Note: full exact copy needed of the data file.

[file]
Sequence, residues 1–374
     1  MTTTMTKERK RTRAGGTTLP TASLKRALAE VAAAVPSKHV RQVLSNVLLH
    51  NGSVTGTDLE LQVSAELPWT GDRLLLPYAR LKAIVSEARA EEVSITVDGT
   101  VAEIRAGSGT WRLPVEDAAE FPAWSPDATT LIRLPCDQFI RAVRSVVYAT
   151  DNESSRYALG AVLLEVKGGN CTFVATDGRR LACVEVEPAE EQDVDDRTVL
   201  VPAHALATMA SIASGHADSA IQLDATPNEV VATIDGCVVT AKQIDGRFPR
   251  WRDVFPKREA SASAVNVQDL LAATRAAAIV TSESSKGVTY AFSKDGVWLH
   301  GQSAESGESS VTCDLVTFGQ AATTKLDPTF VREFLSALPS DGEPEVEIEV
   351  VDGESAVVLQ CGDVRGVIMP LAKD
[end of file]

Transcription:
Sequence, residues 1–374
     1  MTTTMTKERK RTRAGGTTLP TASLKRALAE VAAAVPSKHV RQVLSNVLLH
    51  NGSVTGTDLE LQVSAELPWT GDRLLLPYAR LKAIVSEARA EEVSITVDGT
   101  VAEIRAGSGT WRLPVEDAAE FPAWSPDATT LIRLPCDQFI RAVRSVVYAT
   151  DNESSRYALG AVLLEVKGGN CTFVATDGRR LACVEVEPAE EQDVDDRTVL
   201  VPAHALATMA SIASGHADSA IQLDATPNEV VATIDGCVVT AKQIDGRFPR
   251  WRDVFPKREA SASAVNVQDL LAATRAAAIV TSESSKGVTY AFSKDGVWLH
   301  GQSAESGESS VTCDLVTFGQ AATTKLDPTF VREFLSALPS DGEPEVEIEV
   351  VDGESAVVLQ CGDVRGVIMP LAKD